Wednesday, September 1, 2010

Crawlspace Condensation - Sweating Ducts

With record summer heat and humidity, we have been receiving an enormous amount of calls from homeowners about their sweating crawl spaces. Most homeowners are unaware of what is causing their ducts, pipes, insulation, and sometimes wood structure to sweat in their crawl space. Surprisingly, the very thing that a homeowner thinks is drying their crawlspace (ie. vents) is actually the culprit behind their crawl space condensating.

Foundation Vents are causing condensation!

In the summer months when temperatures are in the 80's and 90's, the outside air is very humid. The crawlspace is consistently 55 - 60 degrees and cooler year round because of the earth's soil. When this hot, humid air is vented into a cooler environment, the coldest surfaces in the crawlspace will begin to condensate. It's the same concept as taking a cold glass of coke outside on a hot summer day. The surface of the glass is going to start sweating. So when venting a crawlspace on a summer day, there is going to be condensation on the crawl space walls, crawlspace floor (dirt or concrete), air ducts (especially when the AC is on), and cold water pipes. These surfaces are the coldest. On very hot days, floor joists, beams, sill plates, and insulation condensate as well.

Foundation Vents are causing condensation and higher heating bills!!

When your air conditioning travels through your duct work in a vented crawlspace in the summer, the cooler air in the ducts is competing against the outside humid air being brought into the crawl space. The AC unit will have to work twice as hard to compete against this outside air. Also, this humid summer air puts a latent load on the HVAC system because the AC system has to work harder to dehumidify this damp air. For more info as to why see my post "Foundation Vents are causing higher energy bills".

Foundation Vents are causing condensation, higher heating bills, and MOLD growth!!!

Another common problem with ventilation and condensation in the summer is the propagation of mold spores. Mold needs between 65% to 70% relative humidity in the air to remain active and produce spores. Outside summer air can reach 80 to 90 percent relative humidity on any given day. This humid air by itself can lead to an environment conducive to mold growth, especially when this air is reaching the dew point on cooler surfaces. Also, many homeowners spread mulch around their foundations and vents. What they do not realize is that mulch contains high levels of mold spores and that these spores are being introduced into a perfect environment for mold growth in the crawl space.

Crawlspace Condensation SOLUTION!

Since foundation vents are causing condensation, higher energy bills, and fungus growth, they should be closed and the crawl space sealed with our AmeriBrite crawl space encapsulation system. It is not recommended to close off the vents permanently without first encapsulating
your crawlspace.

If you live in Indiana, Ohio, Kentucky, or Illinois, and are tired of dealing with crawl space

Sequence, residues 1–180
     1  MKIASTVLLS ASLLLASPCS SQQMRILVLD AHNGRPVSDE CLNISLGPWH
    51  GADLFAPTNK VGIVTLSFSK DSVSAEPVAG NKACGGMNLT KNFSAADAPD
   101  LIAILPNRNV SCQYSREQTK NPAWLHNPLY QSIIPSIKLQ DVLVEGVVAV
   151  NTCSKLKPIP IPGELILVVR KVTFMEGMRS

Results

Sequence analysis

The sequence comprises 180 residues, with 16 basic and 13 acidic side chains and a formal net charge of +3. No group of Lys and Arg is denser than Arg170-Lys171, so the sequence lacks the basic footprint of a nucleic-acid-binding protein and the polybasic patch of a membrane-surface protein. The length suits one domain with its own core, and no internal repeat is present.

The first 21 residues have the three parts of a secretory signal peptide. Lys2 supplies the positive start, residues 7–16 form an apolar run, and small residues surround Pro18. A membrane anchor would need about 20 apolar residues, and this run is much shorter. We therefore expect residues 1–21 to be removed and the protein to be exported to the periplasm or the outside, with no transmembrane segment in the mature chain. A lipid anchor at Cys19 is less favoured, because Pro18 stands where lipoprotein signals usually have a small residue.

condensation and interested in encapsulating your crawlspace, give us a call 1-877-409-2837 or

Thanks for reading the rambling thoughts of a crawlspace inspector,
Larry Ralph Jr., Becky, Daniel, and Aaron


  1. Doesn't the 410a freon add to the problem when this type unit is installed on an old duct system as the old duct systems weren't designed for the lower air temperature the evaporator produces. Non radius turns in the duct system could slow the air down thus causing sweating and thin wrap would also add to the problem. Seems like it would also need to be internally masked to prevent air leakage to the wrap foil. ...JIM...

  2. I appreciate your post about crawlspace condensation - I've been examining whether or not to recommend crawlspace encapsulation to my clients or not. Your comments about condensation make a lot of sense, and corresponds to what I see in the field.

    One issue that I found in a house I worked one was that after crawl space encapsulation the owner had some cracking in the walls. My theory was that it was due to contraction of the wood as it dried - my recommendation was cosmetic repairs. Have you run into this in your jobs?

    Thanks in advance,

  3. George,

    I've seen several drywall cracks this past summer and fall, but it was because of settlement from the drought we had here in Indiana. If the crawlspace was consistently damp, then it is possible for the contraction of the wood to cause minor drywall cracks, and some cosmetic repairs should do the trick. If the cracks worsen, then it is probably something else. I've never seen it occur with encapsulation, but it is possible. I've seen it happen a few times with installing perimeter drainage in wet crawlspaces. The soil dried out around the support columns holding the center beam causing it to settle.
    If what you are assuming is true, then they probably had a very damp crawlspace. You might check the wood moisture content and RH, but you would need the WMC & RH readings prior to encapsulation to prove your theory. How is the crawlspace conditioned - Heat Ducts? Dehumidifier?

  4. I agree wholeheartedly with these points. It's amazing to me -- some contractors want more vents installed, some want to install fans to vent air IN to the crawl space. Some vent air OUT of below-grade spaces (Humidex)... no one seems to know. But a few firsthand experiences and some hands-on application, a little basic science, and it's painfully obvious that venting crawl spaces is just not working.

    Amen to this article -- keep spreading the word, comrade. ;-)

  5. When your air conditioning travels through your duct work in a vented crawlspace in the summer, the cooler air in the ducts is competing against the outside humid air being brought into the crawl space.

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